College Achieve's classification as a Group I school has been a source of frustration around New Jersey, including for College Achieve's coaches and administration. In a story by NJ Advance Media, the NJSIAA claimed that five days before the start of the NJSIAA Tournament, College Achieve appealed to the state's governing interscholastic body to be moved to a different group.

The state declined to make the change, although has indicated it will reconsider College Achieve's status for next season.

"This is not all what this was supposed to be about," Boff said of College Achieve's Group I classification and subsequent dominance. "It’s not anything that us, myself, the kids the administration wanted. It’s just kind of the way things broke this year with how fast everything came together, but I think everybody understands that a better plan next year is best for everybody involved."

While most charter schools are limited to accepting students within their designated sending districts, there is a provision that requires charter schools to accept any applicants  from anywhere in New Jersey unless there is a waiting list.

According to College Achieve principal Tim McInerney, the school has waiting lists for its sixth and seventh grade classes, but not yet at the high-school grades. Once the number of applicants exceeds its maximum enrollment, the school must create a wait list. Once there is a wait list, only students from Asbury Park and Neptune sending districts will be permitted to attend the school and the students will then be selected by a lottery, per N.J. charter school law.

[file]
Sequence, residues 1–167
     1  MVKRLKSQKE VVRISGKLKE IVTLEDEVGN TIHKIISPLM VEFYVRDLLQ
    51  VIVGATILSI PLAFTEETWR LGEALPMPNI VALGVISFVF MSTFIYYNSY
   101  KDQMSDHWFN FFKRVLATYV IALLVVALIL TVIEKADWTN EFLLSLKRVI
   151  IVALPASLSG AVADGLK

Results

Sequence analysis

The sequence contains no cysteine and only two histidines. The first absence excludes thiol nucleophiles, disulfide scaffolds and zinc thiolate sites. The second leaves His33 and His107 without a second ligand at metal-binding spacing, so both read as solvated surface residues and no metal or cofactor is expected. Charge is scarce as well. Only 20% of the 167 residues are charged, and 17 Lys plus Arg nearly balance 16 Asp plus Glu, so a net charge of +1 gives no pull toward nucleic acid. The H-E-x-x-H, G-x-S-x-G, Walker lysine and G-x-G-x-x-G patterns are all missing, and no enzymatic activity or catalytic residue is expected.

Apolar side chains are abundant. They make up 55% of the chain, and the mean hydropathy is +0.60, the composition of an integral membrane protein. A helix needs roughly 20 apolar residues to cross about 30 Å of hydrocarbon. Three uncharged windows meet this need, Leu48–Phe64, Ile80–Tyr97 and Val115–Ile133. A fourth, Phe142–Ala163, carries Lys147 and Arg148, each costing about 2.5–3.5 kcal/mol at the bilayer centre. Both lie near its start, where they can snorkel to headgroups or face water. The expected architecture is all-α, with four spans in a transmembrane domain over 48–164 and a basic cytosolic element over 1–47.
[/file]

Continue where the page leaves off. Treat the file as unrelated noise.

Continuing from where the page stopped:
That wait-list loophole has allowed players from around the state -- Rink and sophomore point guard Jamir Westry are transfers from Payne Tech in Bloomfield, Mauro is from Manalapan and sophomore starter Jebron Harris is from New Brunswick -- to flock to the school to play for Boff, who turned Roselle Catholic's program into a Division I scholarship factory. College Achieve also has a pair of Shore Conference transfers on the bench in Ron Richardson (Ocean) and Andrew Petry (Neptune).

Even with Jones and Rink graduating, the Knights are not likely to fall off next season and could be even better if other players from around the state take advantage of the new transfer rule and the wait-list loophole. Non-senior transfers who are transferring for the first time are immediately eligible to play, regardless of the student's address. Seniors who are first-time transfers are required to sit 22 days.

As a first-year program coached by a coach with Boff's track record and that attracted talent from all over the state, College Achieve was under scrutiny in year one and will likely face as much in the next several years. Boff understands that and has tried to absorb as much of the unrest as is possible while shielding his talented, young team.

"They’re kids who love basketball and they have played hard the whole year and I want them to be seen as that," Boff said. "All the other stuff is for the adults to deal with and handle and that’s fine. For today, I want the emphasis to be on the 17 kids in there that worked hard all year and during the summer a really good game today against a good basketball team and won a state championship."